Fraudsters continue to innovate their scam propagation methods. Again using Facebook and a pretense of a shocking video, they also utilize browser plugins to execute malicious scripts. We also see how the malware scene is intertwined, when the user is directed to a dubious Potentially Unwanted Application. Facebook auto-like scams have been commonplace on the
Fraudsters continue to innovate their scam propagation methods. Again using Facebook and a pretense of a shocking video, they also utilize browser plugins to execute malicious scripts. We also see how the malware scene is intertwined, when the user is directed to a dubious Potentially Unwanted Application.
Facebook auto-like scams have been commonplace on the world’s largest social network for some time now. Typical techniques that the “likejacking” fraudsters use include overlaying pictures, invisible ‘Like’ buttons, and so on. Such tricks could be used for various nefarious purposes including malware distribution – a few examples of malware spreading through Facebook (albeit not always through likejacking) included Koobface, Boonana, Win32/Delf.QCZ, Yimfoca, to name just a few.
The scam described below does not, at the time of this writing, lead to the download of a malicious Windows executable, but appears to use the viral spreading campaign to promote a cheesy porn site and probably to monetize the web traffic in accordance with a Pay-per-Click model. Let’s look at the details that make this case interesting.
Not the Da Vinci Codec
By now, the fake codec / media player trick is already getting a bit old hat, but it’s a little bit different as implemented here. The typical scenario would be “In order to view this great/shocking/hot video, you must first download the latest version of Flash player” and – as is common practice with trojan horses – the binary downloaded and executed (by the duped user himself!) infects the victim’s computer. In this version, the first part of the scam still applies – we have a fake Facebook-looking website featuring a video of “Carelessness of Celebrities on TV”. The first interesting point is the tip that the user should disable their antivirus, and that any detection of the binary as malicious is a false positive.
Secondly, as can also be seen from the above screenshot, what’s being blocked by our web filter is not an executable, but an HTML page. This is what it would have looked like if it had not been blocked:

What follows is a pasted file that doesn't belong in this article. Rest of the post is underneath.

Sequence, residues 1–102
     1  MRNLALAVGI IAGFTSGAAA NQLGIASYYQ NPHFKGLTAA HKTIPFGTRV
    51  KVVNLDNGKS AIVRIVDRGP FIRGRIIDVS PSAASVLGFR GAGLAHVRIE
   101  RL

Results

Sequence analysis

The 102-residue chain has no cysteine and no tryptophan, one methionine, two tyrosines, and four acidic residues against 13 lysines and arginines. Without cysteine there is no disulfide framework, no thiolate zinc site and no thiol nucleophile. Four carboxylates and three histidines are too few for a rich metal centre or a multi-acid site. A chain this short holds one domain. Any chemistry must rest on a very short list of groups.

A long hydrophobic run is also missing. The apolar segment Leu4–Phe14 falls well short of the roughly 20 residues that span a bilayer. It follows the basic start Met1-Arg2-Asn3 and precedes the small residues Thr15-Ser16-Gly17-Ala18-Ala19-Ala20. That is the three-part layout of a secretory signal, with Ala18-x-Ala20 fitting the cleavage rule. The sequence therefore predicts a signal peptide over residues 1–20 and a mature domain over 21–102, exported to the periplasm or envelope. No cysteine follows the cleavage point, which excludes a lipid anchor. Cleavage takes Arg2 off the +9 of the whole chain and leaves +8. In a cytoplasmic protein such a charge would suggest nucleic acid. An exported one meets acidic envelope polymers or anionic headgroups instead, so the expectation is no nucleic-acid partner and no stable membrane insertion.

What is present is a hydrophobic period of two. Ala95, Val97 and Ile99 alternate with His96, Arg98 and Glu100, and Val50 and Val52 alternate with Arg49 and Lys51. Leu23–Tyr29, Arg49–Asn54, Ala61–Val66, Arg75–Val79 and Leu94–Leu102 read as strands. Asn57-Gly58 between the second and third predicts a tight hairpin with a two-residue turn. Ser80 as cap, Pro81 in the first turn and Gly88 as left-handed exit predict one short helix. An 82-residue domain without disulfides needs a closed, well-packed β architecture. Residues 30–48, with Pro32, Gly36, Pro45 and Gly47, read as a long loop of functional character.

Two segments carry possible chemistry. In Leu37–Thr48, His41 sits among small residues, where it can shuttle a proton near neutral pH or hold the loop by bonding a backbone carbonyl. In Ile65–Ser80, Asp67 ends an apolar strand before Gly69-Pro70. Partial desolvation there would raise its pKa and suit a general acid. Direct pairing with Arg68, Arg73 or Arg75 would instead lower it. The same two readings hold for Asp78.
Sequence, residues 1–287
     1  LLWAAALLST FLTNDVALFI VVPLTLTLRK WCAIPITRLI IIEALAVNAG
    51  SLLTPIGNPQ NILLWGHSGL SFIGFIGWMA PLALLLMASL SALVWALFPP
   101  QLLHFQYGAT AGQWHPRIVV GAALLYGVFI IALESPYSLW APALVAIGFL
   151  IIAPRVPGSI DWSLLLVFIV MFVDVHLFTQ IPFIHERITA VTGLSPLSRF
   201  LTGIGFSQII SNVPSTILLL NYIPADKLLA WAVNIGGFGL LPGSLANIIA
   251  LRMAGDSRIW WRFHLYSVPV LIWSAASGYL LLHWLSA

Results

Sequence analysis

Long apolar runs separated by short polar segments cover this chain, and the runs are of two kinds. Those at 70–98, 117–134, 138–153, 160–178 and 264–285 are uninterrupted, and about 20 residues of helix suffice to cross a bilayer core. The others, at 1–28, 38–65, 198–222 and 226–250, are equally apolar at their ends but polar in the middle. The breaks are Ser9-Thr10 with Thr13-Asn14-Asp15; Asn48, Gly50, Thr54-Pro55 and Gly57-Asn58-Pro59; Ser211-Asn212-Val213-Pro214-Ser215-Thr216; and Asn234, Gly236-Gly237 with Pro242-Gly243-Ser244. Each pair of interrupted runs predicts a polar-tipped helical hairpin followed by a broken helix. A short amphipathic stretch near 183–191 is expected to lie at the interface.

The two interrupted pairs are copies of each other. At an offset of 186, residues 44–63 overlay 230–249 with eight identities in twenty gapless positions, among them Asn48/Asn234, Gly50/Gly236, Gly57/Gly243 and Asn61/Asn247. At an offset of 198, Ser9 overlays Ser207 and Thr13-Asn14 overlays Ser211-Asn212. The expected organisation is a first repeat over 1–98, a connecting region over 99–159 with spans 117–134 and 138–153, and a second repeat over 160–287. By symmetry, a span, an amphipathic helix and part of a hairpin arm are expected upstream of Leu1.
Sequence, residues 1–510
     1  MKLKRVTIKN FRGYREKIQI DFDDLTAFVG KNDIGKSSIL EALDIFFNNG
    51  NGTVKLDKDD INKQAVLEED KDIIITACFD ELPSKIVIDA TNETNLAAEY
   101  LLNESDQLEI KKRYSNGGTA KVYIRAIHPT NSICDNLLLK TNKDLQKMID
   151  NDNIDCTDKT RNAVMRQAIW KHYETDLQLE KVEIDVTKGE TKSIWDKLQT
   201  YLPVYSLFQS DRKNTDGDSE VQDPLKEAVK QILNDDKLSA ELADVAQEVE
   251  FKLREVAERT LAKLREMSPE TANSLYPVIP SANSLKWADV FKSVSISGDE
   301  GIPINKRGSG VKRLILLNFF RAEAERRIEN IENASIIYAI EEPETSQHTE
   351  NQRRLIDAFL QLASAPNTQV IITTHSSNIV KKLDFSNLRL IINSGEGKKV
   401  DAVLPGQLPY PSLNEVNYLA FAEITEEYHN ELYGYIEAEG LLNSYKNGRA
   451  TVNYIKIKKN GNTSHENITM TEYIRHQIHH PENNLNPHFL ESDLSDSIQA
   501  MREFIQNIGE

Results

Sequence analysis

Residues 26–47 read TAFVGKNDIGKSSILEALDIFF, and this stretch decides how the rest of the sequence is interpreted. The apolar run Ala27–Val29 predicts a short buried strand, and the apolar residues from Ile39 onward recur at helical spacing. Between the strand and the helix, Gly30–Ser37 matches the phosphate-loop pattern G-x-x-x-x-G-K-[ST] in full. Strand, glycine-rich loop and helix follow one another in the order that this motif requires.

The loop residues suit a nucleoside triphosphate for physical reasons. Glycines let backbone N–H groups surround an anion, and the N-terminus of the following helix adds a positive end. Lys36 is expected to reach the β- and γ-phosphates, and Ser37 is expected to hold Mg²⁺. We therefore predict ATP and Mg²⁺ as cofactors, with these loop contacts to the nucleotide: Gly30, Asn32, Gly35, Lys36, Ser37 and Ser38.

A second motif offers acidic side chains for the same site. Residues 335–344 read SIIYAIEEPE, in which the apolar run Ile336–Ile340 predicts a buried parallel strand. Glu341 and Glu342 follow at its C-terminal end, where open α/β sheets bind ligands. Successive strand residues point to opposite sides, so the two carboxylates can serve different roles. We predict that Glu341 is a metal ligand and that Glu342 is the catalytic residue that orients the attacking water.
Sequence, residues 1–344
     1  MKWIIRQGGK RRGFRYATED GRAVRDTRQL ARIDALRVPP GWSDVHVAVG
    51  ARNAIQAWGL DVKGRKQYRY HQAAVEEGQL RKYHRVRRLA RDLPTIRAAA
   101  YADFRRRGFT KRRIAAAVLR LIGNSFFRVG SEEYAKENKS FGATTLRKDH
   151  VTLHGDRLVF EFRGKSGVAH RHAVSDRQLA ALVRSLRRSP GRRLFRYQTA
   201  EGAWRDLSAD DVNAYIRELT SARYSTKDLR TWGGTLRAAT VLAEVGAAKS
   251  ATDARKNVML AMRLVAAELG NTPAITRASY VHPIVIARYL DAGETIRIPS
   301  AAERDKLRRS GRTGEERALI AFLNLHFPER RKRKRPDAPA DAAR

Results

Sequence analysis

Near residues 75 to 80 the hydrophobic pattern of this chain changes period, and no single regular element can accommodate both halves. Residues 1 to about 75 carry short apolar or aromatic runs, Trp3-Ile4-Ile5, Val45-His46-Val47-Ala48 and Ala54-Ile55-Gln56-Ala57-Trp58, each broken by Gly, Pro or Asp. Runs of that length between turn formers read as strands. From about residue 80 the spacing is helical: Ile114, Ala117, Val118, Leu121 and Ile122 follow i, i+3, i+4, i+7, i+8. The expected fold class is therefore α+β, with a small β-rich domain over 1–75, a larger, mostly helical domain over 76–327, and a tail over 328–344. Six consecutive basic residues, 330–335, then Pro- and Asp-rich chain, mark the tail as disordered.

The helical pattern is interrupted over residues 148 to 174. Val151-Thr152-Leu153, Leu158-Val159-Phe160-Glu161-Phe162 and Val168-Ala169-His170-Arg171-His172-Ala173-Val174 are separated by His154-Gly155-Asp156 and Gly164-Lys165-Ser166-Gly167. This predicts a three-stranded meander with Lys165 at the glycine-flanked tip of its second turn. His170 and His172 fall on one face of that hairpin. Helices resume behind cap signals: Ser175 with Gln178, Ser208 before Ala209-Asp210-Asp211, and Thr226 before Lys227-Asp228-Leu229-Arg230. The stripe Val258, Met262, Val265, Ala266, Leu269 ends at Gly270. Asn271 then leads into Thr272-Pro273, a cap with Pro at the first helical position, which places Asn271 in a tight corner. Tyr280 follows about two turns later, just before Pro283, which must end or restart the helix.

The victim is prompted to install a “Youtube Premium” plugin. The interesting part is that it really is a plugin! See the HTML source code below:
We can see that the script checks whether the user’s browser is Chrome or Firefox, and the corresponding plugin is then downloaded and installed.
Figure 4 Figure 5
Payload: the Code beneath
Here’s what happens when the script is executed:
Following the “OMG! CHECK OUT THIS?” text you can see that the victim’s Facebook friends have been tagged in the post. This way, it will be shown on their Facebook walls as well (even though they haven’t themselves been infected…yet), because of the default setting for making Facebook wall posts visible:
This trick can lead to a very rapid outbreak.
Here’s a cropped and blurred screenshot of the promoted porn site:
Not a Chrome or Firefox user?
Don’t despair, the perpetrators have got something for you as well. As can be seen in the source code of newplugin.html (Figure 3), in case none of these two browsers is detected, the user is redirected to another URL. What we found there has really caught our attention:
It’s not the fact that some “player” is needed in order to view the video – that’s how traditional fake codec scams and malware work. But let’s see what happens if we give in and try this “VAF player” out.
Parasites and PUAs
We are dealing with download software wrapper, which actually ends up downloading a legitimate copy of VLC player, but offers you the installation of a couple of “extras” on the way, namely a dubious toolbar and a “special offer deliverer” – ahh, yet again the topic of “Possibly Unwanted Applications rears its head J. We have mentioned this on the blog a few times already – here we can see examples of applications that are not malicious per se, but have distribution methods that are not exactly kosher. For more on the subject of dubious Potentially Unwanted Applications, refer to our Virus Bulletin presentation Fake but free and worth every cent (particularly, the section "A Parasite or Added Value?" refers to download wrappers such as this one) and Aryeh Goretsky’s whitepaper Problematic, Unloved and Argumentative: What is a potentially unwanted application (PUA)?
The ESET detection names that would show up in this case are HTML/Iframe.B for the generic detection of malicious HTML injections and JS/TrojanClicker.Agent.NCX for the specific malicious plugins.
Codec and Coda